By Arnold R. Grahl, May 15, 2015, published in Rotary News

According to a 2012 report by UNICEF and the World Health Organization, Ghana has made great strides in providing its people with clean drinking water. But access to better sanitation has lagged.

Only about 14 percent of Ghanaians have access to improved facilities, compared with the 54 percent target set for 2015 by the . Addressing the issue isn’t simple, as pit latrines need emptying, toilets need maintenance, and promoting hygiene requires education.

The H2O Collaboration, a partnership between Rotary and the , is working to alleviate the problem. Between 2009 and 2013, the collaboration invested $2 million in water, sanitation, and hygiene initiatives in Ghana, along with equal amounts in the Dominican Republic and the Philippines.

In Ghana, the effort resulted in 57 boreholes, 20 wells, latrines for 41 public schools, three public toilet and shower-block units, and three mechanized water supply and distribution systems for rural communities.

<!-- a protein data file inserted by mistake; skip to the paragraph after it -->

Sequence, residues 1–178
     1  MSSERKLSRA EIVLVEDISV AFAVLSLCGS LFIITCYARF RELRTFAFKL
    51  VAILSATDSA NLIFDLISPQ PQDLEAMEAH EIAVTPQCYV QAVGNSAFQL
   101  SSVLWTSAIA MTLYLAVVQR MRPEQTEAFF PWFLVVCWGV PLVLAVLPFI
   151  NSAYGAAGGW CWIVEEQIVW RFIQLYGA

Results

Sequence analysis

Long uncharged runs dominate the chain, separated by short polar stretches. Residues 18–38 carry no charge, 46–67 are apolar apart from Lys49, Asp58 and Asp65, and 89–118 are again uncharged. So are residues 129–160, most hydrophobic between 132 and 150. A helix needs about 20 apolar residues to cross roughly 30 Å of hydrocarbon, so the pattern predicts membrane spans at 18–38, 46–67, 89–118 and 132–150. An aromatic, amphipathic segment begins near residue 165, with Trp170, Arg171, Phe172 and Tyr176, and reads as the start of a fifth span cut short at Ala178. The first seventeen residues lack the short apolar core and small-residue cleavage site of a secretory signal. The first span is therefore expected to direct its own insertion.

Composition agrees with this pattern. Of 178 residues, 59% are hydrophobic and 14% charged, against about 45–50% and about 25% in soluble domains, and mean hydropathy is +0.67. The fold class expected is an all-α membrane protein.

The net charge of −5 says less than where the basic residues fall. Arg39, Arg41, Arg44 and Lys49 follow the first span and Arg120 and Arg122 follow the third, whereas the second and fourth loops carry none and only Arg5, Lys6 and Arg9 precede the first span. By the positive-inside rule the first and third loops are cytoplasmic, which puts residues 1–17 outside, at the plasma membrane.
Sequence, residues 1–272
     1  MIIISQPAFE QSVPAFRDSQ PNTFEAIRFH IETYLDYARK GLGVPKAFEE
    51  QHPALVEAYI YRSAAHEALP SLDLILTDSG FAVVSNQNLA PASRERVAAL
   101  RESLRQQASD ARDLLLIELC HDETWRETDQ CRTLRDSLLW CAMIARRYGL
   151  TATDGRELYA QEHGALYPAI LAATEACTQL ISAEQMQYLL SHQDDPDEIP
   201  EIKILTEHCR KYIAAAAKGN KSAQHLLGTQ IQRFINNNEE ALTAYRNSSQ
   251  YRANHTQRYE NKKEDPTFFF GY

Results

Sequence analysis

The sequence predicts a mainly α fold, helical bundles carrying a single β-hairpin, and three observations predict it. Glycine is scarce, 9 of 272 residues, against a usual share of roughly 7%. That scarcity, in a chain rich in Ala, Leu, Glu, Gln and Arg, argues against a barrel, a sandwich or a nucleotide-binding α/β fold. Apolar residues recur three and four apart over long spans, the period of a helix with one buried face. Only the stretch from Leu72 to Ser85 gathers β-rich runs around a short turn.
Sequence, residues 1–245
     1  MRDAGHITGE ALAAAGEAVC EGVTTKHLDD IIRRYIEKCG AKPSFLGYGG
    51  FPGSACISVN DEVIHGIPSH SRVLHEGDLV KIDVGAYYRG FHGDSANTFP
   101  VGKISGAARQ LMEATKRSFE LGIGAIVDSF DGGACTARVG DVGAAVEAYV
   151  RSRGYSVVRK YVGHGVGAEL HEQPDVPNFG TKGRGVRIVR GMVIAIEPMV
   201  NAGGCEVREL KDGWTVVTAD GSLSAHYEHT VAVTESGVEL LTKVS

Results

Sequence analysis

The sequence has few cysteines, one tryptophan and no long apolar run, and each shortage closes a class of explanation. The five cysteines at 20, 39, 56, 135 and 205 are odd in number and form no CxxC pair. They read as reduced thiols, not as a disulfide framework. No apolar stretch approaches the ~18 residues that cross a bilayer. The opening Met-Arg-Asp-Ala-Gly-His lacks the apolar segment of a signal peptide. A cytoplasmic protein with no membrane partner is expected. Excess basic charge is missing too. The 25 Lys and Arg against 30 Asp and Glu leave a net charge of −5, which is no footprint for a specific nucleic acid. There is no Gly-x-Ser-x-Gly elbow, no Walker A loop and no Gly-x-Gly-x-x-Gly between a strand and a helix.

In each community, Rotary members and USAID partnered with Ghana’s  to set up local water and sanitation committees that assume ongoing oversight of the improvements. They have also worked with the country’s Ministry of Education and its local affiliates to promote a health curriculum that teaches the importance of hand washing with soap, safe water storage, and use of improved household latrines.

The collaboration is poised to enter its second phase this year with commitments of $4 million each in Ghana, the Dominican Republic, the Philippines, and Uganda.

Read the full article here.